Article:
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Prime Minister's Office

June 17th - Iceland´s National Day

Fellow Icelanders,
This year is a solemn occasion for us for two reasons. We celebrate the centenary of Home Rule, the most important milestone in Iceland’s campaign for independence, and rejoice at the sixtieth anniversary of the establishment of the Republic at Þingvellir on June 17, 1944.

Jón Sigurðsson* was a bold and forward-looking campaigner, yet even he neither foresaw nor insisted on achieving such a conclusion to the movement for independence. But we know his character well enough, even though it is shrouded in history, to feel certain that he would have been happiest and proudest of all at the outcome and the success that this nation has achieved.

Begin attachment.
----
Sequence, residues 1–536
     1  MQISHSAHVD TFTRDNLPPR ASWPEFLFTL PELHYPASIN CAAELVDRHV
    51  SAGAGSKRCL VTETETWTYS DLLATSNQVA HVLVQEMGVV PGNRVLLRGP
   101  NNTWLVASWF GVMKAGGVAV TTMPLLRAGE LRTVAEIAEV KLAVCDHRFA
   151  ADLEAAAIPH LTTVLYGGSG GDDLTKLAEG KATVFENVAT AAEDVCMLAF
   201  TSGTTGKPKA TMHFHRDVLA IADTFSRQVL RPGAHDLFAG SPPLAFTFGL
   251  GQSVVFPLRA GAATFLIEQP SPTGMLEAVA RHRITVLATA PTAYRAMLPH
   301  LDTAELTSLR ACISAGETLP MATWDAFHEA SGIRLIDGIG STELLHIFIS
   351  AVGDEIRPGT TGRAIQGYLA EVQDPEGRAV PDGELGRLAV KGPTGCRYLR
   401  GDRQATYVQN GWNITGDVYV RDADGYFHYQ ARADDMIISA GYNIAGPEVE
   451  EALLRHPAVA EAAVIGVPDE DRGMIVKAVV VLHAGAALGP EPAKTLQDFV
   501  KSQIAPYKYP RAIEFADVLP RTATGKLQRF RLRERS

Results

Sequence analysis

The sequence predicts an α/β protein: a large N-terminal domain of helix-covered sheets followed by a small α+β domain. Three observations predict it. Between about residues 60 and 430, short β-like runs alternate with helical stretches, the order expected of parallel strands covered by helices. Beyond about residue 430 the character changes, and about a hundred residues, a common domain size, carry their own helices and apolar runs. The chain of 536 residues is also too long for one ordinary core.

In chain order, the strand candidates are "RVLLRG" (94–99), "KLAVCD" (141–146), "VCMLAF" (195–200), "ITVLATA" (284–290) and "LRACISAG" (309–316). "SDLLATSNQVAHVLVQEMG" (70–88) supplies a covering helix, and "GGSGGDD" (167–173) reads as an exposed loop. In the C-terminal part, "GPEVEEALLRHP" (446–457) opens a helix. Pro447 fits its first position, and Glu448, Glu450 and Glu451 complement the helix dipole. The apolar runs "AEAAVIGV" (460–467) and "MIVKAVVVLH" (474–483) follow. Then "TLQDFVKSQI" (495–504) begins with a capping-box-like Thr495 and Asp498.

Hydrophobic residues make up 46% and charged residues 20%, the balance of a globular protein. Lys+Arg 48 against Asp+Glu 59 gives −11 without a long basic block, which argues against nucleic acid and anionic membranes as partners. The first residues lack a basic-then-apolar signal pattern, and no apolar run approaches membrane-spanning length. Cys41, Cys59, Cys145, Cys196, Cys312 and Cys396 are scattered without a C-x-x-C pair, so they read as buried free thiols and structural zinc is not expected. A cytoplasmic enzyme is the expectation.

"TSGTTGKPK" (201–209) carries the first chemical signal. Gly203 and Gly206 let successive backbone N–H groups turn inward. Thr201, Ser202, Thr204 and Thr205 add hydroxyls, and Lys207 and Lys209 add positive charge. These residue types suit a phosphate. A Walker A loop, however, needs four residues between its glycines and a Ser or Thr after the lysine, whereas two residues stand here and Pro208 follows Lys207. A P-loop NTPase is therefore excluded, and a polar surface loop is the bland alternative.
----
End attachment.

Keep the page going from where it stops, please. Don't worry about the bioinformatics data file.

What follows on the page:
History often gives the impression of being an elusive miscellany of events, peculiarly grouped together, but actually has more continuity than meets the eye. Only four weeks after the funeral of Jón Sigurðsson and [his wife] Ingibjörg was held in our Cathedral, in the presence of crowds who greatly mourned them, people gathered again – joyfully this time, to lay the cornerstone of Parliament House on the west side of the church. A silver plaque is embedded in the stone, with the inscription “The truth will set you free.” Many great and noble things can be said about Parliament House and what goes on behind its doors. But the truth is not necessarily better safeguarded on those premises than anywhere else in Iceland. It has been the first victim in many battles. However, this does not alter the fact that no single institution has more significance for the well-being and happiness of the Icelandic nation than parliament. Experience proves that when parliament succeeds best in its work, this country and its people benefit enormously and everyone’s path to a better is made easier. Nonetheless, respect for parliament has varied over the years and it is more common than might be expected for those who serve the nation there to be dealt harsh words. Parliament itself has even been come in for direct as well as indirect attacks, the fiercest of which was when the Republic was only a few years old. Yet there is no question that, deep down inside, people in Iceland are fond of their parliament and want it to enjoy honour and respect. I mentioned the cornerstone of Parliament House before – but parliament itself is the cornerstone of democracy and freedom in Iceland. And when we examine its performance after a hundred years of Home Rule, and judge it fairly, it scores good marks. After centuries of being one of the poorest countries in Europe, Iceland now ranks with the most prosperous societies in the world. This has been achieved in spite of the small population, which some people once thought would prevent Iceland from ever standing on its own two feet. And it has been achieved even though Iceland is by no means on the beaten track. In terms of results in specific areas, Iceland measures itself only against the best performers in each case. In fact the point has now been reached where most Icelanders take the success that has been achieved for granted, and even toy with idea that the nation does not need to make very much effort to maintain this position indefinitely. Certainly we have a good possibility of doing so over the coming years and decades. Numerous and widespread opportunities are at hand, but this does not mean that we can have everything for nothing. We will always need to exert ourselves in order to rank with the leaders in the community of nations